Adjusting to Life When the Kids Leave

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Older couple; Adusting to the Empty NestMADISON - Oh the empty nest. Clean bathrooms, romantic dinners and no soccer games. It sounds great, but a University of Wisconsin therapist says that millions of baby boomers are in for a big adjustment this fall when their children head off to college.

John Scherpelz, a therapist at UW Health Outpatient Psychiatry, has helped many couples through the transition, which he said can be as jarring as the one after the birth of the first child. After years of longing for quiet time, the house can seem a little too, well, quiet.

"Some times couples are challenged to fill the void that used to be occupied by the children," he said. "Schedules and conversations no longer center on what the kids are doing – or what they're refusing to do – and couples may find that their conversation skills have atrophied."

They may need to acquire new skills, just as they adjusted 18 years before to midnight feedings, diaper changing and car seats.

"They may need to learn again to put thoughts and feelings into words for their partners, and to learn to listen as partners share their feelings," he said.

Scherpelz has helped couples develop hard-earned skills at expressing what's important and responding to their partner's thoughts and feelings in a way that helps them problem-solve.

"Learning the give and take of those conversations helps them feel like they're on the same team, which results in feelings of closeness, and solidifies the bond between partners," he said.

Feeling rusty and out of practice at what therapists call "bonding skills?" Here are some tips: 
  • Agree to work on your new relationship together 
  • Pick up a book, cruise articles from the Web, talk to trusted friends or consult a couples' counselor to sharpen your skills
  • Learn to express what is important to you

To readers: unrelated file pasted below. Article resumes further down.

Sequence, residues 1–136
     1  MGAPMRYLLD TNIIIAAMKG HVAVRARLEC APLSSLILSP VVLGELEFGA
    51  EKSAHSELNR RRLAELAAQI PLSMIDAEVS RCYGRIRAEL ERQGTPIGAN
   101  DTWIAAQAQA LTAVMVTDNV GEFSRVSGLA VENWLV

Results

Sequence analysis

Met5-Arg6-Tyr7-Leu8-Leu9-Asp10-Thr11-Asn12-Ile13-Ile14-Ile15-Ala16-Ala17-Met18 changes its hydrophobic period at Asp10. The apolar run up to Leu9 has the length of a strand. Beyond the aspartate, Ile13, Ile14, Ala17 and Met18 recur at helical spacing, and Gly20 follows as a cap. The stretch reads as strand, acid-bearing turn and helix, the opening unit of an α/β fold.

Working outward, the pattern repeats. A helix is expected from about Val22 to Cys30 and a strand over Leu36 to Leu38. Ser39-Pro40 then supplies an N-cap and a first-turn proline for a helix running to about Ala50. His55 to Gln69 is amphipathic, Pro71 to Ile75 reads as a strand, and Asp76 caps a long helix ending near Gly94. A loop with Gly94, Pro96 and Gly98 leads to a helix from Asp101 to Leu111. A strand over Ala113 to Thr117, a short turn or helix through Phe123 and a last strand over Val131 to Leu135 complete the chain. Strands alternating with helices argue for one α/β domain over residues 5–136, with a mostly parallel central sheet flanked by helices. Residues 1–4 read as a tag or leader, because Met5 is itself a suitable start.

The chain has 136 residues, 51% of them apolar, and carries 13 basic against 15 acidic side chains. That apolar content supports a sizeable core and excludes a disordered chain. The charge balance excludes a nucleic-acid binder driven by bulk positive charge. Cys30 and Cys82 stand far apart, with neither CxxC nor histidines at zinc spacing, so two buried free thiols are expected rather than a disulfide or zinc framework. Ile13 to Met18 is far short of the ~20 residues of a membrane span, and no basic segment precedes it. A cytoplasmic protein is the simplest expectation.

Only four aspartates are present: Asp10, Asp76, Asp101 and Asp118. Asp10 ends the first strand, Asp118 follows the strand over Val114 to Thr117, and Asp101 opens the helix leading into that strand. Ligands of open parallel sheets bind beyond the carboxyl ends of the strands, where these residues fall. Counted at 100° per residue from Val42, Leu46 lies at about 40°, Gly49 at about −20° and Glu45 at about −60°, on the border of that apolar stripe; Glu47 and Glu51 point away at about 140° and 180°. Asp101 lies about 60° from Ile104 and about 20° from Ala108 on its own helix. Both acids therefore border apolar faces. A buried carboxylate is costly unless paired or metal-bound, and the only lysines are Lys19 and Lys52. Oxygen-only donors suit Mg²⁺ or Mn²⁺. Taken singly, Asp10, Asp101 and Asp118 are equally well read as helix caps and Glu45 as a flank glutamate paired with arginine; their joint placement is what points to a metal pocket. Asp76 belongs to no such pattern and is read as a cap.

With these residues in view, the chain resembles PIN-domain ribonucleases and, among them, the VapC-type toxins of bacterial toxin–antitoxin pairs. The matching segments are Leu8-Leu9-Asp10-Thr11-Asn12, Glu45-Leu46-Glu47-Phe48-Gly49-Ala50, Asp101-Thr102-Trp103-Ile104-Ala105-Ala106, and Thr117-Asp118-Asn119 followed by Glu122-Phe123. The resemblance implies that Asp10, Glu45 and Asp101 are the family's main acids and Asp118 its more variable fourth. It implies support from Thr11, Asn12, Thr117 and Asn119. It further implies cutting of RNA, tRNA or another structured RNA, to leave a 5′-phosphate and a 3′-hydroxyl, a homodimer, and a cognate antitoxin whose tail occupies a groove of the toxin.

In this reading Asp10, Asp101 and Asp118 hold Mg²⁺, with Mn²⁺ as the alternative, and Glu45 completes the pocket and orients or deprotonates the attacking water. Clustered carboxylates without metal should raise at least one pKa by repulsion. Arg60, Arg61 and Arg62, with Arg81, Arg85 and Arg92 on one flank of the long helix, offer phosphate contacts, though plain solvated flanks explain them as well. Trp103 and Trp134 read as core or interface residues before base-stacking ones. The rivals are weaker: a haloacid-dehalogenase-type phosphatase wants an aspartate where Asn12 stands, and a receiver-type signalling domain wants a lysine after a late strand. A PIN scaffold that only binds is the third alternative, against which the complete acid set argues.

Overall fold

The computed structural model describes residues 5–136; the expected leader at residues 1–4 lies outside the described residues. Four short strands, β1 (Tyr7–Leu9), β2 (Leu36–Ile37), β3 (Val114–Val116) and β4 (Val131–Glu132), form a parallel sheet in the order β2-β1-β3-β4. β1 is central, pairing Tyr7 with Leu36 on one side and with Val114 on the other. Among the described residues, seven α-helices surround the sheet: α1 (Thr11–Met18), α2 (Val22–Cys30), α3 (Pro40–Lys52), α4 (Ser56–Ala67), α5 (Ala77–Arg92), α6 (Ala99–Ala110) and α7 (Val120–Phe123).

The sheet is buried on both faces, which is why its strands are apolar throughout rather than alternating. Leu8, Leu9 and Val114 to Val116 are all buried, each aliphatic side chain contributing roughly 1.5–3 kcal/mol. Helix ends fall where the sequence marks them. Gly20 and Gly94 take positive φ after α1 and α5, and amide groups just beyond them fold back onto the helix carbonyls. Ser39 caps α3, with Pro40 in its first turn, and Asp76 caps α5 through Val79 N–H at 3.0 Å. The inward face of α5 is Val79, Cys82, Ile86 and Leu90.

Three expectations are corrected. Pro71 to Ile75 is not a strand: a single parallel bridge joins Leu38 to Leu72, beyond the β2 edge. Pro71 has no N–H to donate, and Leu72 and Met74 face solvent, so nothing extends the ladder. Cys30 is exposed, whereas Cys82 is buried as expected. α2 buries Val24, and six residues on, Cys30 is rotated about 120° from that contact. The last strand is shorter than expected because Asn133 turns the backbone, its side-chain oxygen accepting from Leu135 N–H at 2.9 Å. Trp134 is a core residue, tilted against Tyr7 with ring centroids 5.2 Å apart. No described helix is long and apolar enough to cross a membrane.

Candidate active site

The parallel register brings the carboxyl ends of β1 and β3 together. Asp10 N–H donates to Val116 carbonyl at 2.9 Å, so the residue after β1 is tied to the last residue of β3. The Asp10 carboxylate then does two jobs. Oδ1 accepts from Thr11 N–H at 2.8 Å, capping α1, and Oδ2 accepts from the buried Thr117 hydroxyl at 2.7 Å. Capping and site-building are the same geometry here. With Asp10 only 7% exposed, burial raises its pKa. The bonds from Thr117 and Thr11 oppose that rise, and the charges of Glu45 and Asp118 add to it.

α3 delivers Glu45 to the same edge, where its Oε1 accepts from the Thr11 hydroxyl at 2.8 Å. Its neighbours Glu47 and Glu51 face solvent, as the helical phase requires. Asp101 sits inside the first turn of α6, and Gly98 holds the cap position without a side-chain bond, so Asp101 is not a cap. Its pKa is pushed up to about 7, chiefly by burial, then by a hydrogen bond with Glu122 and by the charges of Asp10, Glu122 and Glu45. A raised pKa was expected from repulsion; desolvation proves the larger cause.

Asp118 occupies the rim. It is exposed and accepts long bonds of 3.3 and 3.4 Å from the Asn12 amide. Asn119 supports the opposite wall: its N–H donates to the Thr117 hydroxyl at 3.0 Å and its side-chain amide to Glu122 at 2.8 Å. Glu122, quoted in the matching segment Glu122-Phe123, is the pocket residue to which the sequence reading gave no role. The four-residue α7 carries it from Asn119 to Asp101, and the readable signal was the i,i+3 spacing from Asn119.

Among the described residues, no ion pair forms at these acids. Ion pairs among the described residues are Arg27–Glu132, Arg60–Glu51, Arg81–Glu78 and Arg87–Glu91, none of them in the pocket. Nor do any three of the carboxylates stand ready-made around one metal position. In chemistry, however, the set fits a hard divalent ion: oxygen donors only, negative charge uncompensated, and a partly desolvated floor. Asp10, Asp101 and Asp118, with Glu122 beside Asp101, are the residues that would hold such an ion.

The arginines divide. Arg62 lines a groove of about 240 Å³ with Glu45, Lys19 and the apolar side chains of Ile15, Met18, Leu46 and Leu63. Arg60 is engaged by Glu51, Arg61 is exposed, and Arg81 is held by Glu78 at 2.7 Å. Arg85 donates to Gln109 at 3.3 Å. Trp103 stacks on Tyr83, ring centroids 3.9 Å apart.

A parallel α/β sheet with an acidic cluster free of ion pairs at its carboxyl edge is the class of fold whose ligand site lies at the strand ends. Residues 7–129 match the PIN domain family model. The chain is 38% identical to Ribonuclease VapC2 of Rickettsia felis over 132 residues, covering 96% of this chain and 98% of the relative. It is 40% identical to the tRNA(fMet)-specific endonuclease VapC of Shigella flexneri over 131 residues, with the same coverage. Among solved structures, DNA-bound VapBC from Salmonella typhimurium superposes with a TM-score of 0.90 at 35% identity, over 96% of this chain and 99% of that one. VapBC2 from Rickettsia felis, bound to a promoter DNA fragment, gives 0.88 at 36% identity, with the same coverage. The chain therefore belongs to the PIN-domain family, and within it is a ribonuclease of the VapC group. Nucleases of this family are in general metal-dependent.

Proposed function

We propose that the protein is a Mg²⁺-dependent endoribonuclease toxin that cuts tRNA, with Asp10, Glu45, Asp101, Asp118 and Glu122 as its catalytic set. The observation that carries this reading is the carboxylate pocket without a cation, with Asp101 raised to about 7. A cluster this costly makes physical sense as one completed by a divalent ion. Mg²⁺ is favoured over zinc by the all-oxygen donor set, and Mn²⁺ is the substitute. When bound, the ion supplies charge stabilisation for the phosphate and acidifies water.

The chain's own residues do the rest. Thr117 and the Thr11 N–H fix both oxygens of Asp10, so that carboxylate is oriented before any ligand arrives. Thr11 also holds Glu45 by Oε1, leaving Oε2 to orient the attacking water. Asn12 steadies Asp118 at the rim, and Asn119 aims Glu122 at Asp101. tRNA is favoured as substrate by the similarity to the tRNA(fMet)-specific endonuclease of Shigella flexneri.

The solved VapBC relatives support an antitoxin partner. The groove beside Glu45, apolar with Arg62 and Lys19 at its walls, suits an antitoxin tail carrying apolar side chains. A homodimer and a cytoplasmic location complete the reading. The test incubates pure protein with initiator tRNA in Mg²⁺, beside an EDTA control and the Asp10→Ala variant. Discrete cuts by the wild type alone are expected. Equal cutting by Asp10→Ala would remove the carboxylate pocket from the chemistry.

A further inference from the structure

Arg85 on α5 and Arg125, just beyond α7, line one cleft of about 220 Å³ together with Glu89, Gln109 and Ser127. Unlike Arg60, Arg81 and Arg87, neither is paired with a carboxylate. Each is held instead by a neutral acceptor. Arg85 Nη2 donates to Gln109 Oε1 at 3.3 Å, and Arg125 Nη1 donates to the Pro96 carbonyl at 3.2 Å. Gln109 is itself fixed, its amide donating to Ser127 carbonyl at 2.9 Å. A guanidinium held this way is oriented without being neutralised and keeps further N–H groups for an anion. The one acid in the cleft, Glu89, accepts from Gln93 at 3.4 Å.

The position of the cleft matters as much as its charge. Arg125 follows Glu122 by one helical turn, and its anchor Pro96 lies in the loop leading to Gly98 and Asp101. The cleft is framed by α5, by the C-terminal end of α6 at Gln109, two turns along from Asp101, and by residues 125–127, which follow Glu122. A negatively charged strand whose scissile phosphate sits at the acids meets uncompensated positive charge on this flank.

• Respond to your partner's feelings in a way that helps problem solve and strengthens the bond between you
The two of you will also be learning to have a new relationship with your now-adult children, a skill that can also take some practice, Scherpelz says.

"Even though the children are gone, we want to stay close and connected to them," he says. "This is the time when our parental role shifts to a stance of much interest but more distance -- a distance is measured not just in the miles from home, but in the freedom we give them to live their lives as independent adults."

While it can be tough to let go of micro-managing your children's lives, Scherpelz says the benefits are worth it. The possibility of enjoying children as peers increases as parents allow them to make their own decisions, large and small, and to relish the benefits of the good choices they make -- and here's the hard part -- to learn from the consequences of their not-so-good choices.

"I want to be welcome in my children's homes and lives, and a more meddlesome parent is a less welcome guest in a young adult's world," says Scherpelz, the proud parent, with his wife, of two adult children.

Most importantly, this is a time to celebrate and enjoy your success at what can sometimes seem like the world's hardest job – raising children.

"You've succeeded at your mission of raising kids to be independent, healthy adults, and launched them into the world more or less as planned," he says. "Now's a great time to enjoy your independence, and your time to try new things: dump the minivan, downsize the house, keep different hours, try new activities, new foods, and new travel destinations."

Date Published: 08/17/2009

News tag(s):  parentingchildrenpsychjohn a scherpelz

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